The Calf. The first line of defense for a calf is its mother's colostrum. This protection, however, diminishes within a few months. When the calf's immunity level declines and the animal is exposed to a disease challenge greater than it can handle, the animal gets sick.
Most calves can be effectively vaccinated as early as four to six months of age. Both MLV and killed vaccines may be used, but MLV vaccines are generally believed to provide a better immune response in calves.
Before using MLVs on nursing calves, make sure the dams have been adequately vaccinated against these same agents. This will reduce the risk of vaccine virus that may be shed by the calves causing reproductive problems in the cows. This procedure isn't completely without risk, but it greatly reduces the cow exposure risk when using an MLV on calves that are still nursing their dams.
All calves should be vaccinated with:
A 4-way viral vaccine against infectious bovine rhinotrachaeitis (IBR), bovine viral diarrhea (BVD), parainfluenza-3 (PI3) and bovine respiratory syncytial virus (BRSV).
5-way leptospirosis vaccine, which is often included with the viral vaccines.
7-way clostridial vaccine. An 8-way should be considered in areas where the disease redwater is a concern.
Tetanus toxoid also may be recommended in high-risk areas of the country.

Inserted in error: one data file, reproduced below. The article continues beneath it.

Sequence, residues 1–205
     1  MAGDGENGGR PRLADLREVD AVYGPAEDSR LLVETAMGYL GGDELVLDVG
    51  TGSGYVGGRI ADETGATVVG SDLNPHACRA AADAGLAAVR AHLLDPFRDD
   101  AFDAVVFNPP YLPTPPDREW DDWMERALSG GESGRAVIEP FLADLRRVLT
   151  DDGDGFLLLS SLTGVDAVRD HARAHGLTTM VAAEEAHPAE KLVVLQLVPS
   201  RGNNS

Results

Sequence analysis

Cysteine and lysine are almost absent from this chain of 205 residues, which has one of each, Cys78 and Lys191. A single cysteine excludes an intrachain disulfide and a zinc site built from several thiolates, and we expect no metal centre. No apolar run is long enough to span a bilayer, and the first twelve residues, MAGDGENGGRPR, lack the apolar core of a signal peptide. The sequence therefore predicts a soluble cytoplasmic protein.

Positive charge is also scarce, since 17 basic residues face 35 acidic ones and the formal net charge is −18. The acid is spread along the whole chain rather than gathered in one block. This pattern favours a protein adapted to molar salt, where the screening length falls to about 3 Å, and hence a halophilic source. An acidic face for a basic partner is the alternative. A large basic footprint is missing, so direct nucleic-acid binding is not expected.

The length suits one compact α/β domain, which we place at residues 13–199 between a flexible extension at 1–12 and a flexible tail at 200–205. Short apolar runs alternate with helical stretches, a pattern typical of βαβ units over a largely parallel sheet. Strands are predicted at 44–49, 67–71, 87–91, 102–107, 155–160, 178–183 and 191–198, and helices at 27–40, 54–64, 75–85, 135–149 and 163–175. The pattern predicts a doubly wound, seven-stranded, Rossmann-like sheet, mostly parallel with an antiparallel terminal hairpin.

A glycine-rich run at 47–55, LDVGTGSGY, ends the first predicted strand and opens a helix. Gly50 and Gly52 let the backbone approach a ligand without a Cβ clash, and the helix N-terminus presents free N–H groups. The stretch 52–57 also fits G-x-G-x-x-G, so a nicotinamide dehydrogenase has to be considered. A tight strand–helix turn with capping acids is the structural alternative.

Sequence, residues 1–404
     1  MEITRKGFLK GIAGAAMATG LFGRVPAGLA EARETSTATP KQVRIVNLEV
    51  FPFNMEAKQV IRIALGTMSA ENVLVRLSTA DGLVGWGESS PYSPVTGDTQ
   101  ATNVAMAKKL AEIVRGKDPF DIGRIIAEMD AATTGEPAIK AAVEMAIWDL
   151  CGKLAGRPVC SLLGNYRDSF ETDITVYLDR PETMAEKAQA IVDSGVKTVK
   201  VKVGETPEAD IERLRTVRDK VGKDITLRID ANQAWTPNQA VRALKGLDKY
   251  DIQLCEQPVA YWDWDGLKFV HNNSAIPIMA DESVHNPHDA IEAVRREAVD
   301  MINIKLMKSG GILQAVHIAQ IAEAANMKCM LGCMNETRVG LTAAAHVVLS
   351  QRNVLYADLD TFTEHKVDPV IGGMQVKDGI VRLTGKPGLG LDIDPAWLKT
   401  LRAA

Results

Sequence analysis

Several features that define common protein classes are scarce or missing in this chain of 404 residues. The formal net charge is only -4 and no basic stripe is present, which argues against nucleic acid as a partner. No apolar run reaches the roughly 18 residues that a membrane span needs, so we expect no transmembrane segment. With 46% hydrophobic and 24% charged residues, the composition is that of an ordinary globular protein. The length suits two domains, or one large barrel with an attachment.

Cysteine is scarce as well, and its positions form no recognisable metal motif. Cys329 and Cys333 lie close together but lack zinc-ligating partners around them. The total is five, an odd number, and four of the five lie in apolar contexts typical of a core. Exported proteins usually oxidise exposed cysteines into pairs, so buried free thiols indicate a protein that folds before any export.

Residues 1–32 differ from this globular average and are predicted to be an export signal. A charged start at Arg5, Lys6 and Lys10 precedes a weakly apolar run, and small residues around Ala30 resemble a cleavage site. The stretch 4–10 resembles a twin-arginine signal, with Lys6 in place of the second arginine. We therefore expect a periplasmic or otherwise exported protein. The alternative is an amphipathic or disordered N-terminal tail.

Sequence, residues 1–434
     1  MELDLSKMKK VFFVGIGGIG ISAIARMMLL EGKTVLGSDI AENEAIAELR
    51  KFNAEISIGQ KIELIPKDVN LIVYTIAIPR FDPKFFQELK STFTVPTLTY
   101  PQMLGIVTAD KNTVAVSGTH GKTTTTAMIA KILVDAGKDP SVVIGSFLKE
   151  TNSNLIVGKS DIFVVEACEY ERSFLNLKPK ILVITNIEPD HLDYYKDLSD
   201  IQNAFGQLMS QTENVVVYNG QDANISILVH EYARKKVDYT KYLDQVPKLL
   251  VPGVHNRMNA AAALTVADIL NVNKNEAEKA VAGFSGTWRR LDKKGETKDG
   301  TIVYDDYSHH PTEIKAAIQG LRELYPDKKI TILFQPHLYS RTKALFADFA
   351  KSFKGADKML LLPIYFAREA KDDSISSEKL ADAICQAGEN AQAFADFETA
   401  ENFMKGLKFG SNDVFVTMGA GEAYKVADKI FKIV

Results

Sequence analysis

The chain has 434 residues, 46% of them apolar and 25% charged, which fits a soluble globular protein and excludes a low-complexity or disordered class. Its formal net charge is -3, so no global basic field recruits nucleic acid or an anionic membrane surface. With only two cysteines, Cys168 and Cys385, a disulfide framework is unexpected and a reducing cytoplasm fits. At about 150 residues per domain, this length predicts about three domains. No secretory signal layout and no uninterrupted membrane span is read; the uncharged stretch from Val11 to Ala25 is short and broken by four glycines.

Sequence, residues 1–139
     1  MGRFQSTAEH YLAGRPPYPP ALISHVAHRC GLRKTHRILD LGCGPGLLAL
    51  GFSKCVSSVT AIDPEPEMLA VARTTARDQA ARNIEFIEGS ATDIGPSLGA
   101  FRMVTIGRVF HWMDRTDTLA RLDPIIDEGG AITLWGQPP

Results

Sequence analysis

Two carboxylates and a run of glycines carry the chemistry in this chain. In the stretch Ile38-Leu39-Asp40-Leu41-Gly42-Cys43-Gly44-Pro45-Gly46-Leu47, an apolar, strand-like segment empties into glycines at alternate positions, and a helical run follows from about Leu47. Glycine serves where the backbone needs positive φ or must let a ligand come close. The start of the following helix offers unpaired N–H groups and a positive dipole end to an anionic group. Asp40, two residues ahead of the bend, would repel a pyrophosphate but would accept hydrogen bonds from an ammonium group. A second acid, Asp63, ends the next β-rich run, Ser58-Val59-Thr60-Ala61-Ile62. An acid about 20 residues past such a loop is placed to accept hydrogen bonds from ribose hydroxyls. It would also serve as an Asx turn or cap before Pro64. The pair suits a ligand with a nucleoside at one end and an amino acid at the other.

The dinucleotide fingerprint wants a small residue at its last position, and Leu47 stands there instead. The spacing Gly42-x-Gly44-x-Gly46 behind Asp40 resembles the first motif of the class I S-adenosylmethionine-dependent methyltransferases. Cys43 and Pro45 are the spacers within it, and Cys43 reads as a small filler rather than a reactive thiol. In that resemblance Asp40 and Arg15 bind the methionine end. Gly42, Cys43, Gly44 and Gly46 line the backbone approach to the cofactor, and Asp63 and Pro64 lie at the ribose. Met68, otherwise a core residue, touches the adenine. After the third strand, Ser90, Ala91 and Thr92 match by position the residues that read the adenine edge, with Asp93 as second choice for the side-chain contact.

Booster vaccination with BRSV, 5-way leptospirosis bacterin and clostridial toxoid must be administered in three to four weeks after this primary vaccination. If a killed viral vaccine was used, all components of that vaccine must receive a booster. Failure to provide this booster will result in failure of these vaccines to stimulate an immune response.
It's preferable to perform the booster vaccination at least 30 days before weaning. This provides the highest level of protection for calves as they confront the stress of weaning.
Some producers also may elect to administer a dose of intranasal IBR/ PI3 at weaning to provide additional protection against viral respiratory diseases at this stressful time.
Brucellosis vaccination is performed by your veterinarian and is recommended for all females up to one year of age. Many states require a brucellosis vaccination for interstate transport of cattle. Some states also require a negative blood test within 30 days of interstate shipment. Check with your veterinarian for the destination state's requirements.